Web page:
Don't use up all the cold water! That is one of my favorite poems from Breaking the Fever, Mary. Jane, it was kind of you to take the time to answer in depth when you're getting ready to travel. These replies are so rich in stories and ideas I want to give them further reflection. In the meantime, thanks to both poets for such thoughtful posts.
paralyzed by a question like that (debunix) Sun 2 Oct 11 23:36
I'm following this very interesting discussion mostly because of experiencing poetry in new media formats. I got hooked on the Writer's Almanac on my local radio station, and now catch it mostly as a podcast. That helped to reawaken my interest in poetry of all kinds. I've always enjoyed poetry but like to savor a little at a time, and the occasional poetry volumes I'd check out of the library or buy would sit only partly read for ages. Kindle on my phone allows me to download a book of poems and read a poem here and there without having to carry a volume everywhere--better yet, I can carry several, and pick the poet to fit my mood. Right now I'm working my way though Come, Thief (I told Amazon I want to read Sugar Zone too). I grew up in a house where the printed page was truly an object of reverence, and it feels a bit like a betrayal to be so happy with the evanescence of e-books. But I'm reading more poems now than I ever did before. The formatting is not always consistent, and can be a bit frustrating, but the value of ready access to my pocketful of poets is more than worth it.
Jennifer Simon (fingers) Mon 3 Oct 11 09:05
I love to hear about poetry reaching a broader audience, <debunix>, thanks. My perception is that electronic media have been a great boon in this respect, and what you have to say confirms that. Jane probably won't have a chance to chime in while she's travelling, but Mary, I'm curious to know whether you've perceived a change in the publication and sales of your work, as well as responses to it -- you mentioned getting email from around the world, and I wondered whether you would have heard from so many, had the letters required ink, paper, and stamps.
Joe Cottonwood (joecot) Mon 3 Oct 11 09:21
Jane, Three Legged Blues makes a great song! Nice job by the singer. Here's a question for Jane, when she has a spare moment: the structure of the I Ran Naked poem, which seems a departure for you - did you know from the start what that structure would be? Did you have to labor at it until finding that structure? I've always maintained that it's hard to be simple, and I'm just wondering if that seemingly simple poem was hard to write. And I love the poem, by the way. (Oddly, I first read it after writing a piece that included running naked through the sprinklers of a golf course at midnight.)
Jennifer Simon (fingers) Mon 3 Oct 11 12:28
Oh yes, thank you for reminding about the song, Joe -- very glad you posted the link, Jane, for I didn't know about it. What a great match of melody and lyrics! David's got the perfect voice for it, too.
Jennifer Simon (fingers) Mon 3 Oct 11 13:29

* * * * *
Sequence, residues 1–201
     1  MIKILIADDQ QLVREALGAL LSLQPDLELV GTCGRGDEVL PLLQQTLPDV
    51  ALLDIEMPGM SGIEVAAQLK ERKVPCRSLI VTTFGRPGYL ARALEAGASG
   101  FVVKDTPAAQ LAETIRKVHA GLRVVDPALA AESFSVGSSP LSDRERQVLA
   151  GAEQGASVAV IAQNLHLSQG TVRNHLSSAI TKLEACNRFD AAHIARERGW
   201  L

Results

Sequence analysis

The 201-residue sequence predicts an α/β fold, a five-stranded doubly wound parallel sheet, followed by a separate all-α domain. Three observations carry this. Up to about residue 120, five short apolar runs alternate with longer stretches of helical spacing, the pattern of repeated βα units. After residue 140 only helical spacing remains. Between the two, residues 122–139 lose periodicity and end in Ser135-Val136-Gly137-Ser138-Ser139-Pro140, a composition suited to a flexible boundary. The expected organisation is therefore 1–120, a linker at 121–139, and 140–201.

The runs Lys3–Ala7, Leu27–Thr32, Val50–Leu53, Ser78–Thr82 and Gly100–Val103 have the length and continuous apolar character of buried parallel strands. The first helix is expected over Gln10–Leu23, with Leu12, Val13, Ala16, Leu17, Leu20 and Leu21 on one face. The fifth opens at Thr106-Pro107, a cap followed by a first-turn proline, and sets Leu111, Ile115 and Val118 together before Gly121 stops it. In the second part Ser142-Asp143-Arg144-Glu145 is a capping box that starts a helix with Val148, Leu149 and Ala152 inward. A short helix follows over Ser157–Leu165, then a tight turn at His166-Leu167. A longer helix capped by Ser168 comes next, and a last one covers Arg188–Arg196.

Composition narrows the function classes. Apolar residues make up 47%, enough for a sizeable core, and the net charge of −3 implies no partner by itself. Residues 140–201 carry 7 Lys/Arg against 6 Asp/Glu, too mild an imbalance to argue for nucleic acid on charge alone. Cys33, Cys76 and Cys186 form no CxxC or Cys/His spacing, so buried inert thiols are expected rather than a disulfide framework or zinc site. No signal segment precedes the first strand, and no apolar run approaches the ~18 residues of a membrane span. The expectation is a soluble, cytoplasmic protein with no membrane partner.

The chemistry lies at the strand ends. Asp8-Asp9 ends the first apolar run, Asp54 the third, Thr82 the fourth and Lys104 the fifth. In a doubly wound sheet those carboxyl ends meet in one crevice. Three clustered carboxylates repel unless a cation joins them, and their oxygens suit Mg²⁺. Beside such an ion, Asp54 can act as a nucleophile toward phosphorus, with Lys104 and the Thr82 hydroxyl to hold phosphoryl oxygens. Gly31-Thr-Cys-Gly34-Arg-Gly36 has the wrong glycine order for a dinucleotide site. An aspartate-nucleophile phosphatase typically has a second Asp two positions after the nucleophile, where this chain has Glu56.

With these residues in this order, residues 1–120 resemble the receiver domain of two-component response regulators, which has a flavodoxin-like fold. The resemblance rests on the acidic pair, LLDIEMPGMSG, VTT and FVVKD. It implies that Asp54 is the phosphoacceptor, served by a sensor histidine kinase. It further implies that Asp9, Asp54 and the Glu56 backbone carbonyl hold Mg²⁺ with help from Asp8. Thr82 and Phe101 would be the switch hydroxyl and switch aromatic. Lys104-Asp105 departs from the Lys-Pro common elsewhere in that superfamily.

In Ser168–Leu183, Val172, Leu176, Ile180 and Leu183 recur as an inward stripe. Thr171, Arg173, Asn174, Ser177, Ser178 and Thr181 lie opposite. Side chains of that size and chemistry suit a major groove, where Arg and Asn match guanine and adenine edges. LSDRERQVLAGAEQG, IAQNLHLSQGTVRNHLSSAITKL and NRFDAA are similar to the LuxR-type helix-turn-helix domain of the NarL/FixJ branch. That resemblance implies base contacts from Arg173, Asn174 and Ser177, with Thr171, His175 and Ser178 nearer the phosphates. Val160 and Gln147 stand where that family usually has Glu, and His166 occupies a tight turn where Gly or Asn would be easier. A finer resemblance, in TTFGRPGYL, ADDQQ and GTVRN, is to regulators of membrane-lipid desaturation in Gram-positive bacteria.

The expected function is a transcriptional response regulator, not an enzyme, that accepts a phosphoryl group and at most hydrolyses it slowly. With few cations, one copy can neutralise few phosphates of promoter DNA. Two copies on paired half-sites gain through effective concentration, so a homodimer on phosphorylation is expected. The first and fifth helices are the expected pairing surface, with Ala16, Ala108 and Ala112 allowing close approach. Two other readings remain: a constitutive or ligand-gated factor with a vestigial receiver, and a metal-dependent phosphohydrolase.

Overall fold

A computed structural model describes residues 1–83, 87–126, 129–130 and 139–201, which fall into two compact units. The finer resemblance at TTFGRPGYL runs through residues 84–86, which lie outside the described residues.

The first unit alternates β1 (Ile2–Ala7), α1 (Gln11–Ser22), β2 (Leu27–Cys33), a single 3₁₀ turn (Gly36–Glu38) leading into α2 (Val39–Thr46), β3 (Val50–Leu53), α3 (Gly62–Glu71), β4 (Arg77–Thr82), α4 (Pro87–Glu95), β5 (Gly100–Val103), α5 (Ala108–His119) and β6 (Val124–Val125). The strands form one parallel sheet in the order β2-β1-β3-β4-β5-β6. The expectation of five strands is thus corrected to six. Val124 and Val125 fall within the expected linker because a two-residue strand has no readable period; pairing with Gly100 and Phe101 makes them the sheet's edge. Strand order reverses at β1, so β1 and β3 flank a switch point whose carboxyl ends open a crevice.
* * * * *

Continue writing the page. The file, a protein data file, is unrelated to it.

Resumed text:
Today at 3:00 pm (Pacific time), Mary will be talking with Denny Smithson on KPFA. I believe she'll be reading some of her poems too -- I'm hoping to hear some Portuguese! Here's a link: http://www.kpfa.org/listen/
Mary Mackey (mm) Mon 3 Oct 11 16:39
I am fairly sure that I would not have received so many emails from people outside of the US if they had had to buy stamps and send air letters. I think the convenience and low prices of e-books are giving people an oppoturnity to read more and writers a chance to reach more people. I'd just like to remind everyone that many of the great independent bookstores can sell you ebooks. I believe Pegsus in Berkeley can as can Book Passage in Corte Madera.
Jennifer Simon (fingers) Mon 3 Oct 11 16:42
Pegasus is a wonderful place, my favorite haunt in the East Bay.
Michael Zentner (mz) Mon 3 Oct 11 17:04
One of my favorite stop-in places in that neighborhood. If I'm on foot there, I stop in.
Gail Williams (gail) Mon 3 Oct 11 18:21
Small independent bookstores can sell you ebooks? I guess I have never noticed that. Very cool!
Jennifer Simon (fingers) Mon 3 Oct 11 18:55
It is. OK, I had trouble getting livestreaming to work on my computer, so I had to wait till the show was in their archives to catch it. It occurs to me other might not have gotten a chance to listen, so here's a link for those who missed it live: http://www.kpfa.org/archive/id/73897
Mary Mackey (mm) Mon 3 Oct 11 20:53
This is your chance to hear how Portuguese sounds. It's softer than Spanish, more musical.
Jennifer Simon (fingers) Mon 3 Oct 11 21:07
Yes, that struck me too, when I was listening...a kind of slidey sound instead of staccato, like the difference between trumpets and trombones.
Jennifer Simon (fingers) Mon 3 Oct 11 21:17
The other thing I noticed was that I couldn't hear in your reading the spacing I saw in some of your lines on the page (and this spacing is something I don't remember seeing in Breaking the Fever). It changed the effect in interesting ways. All the poems flowed by so quickly, although that's partly just a feature of listening instead of reading, but I wonder whether there is something purposeful about it too, a way of getting two readings out of each poem, depending on whether it's heard or seen.
Jennifer Simon (fingers) Mon 3 Oct 11 21:31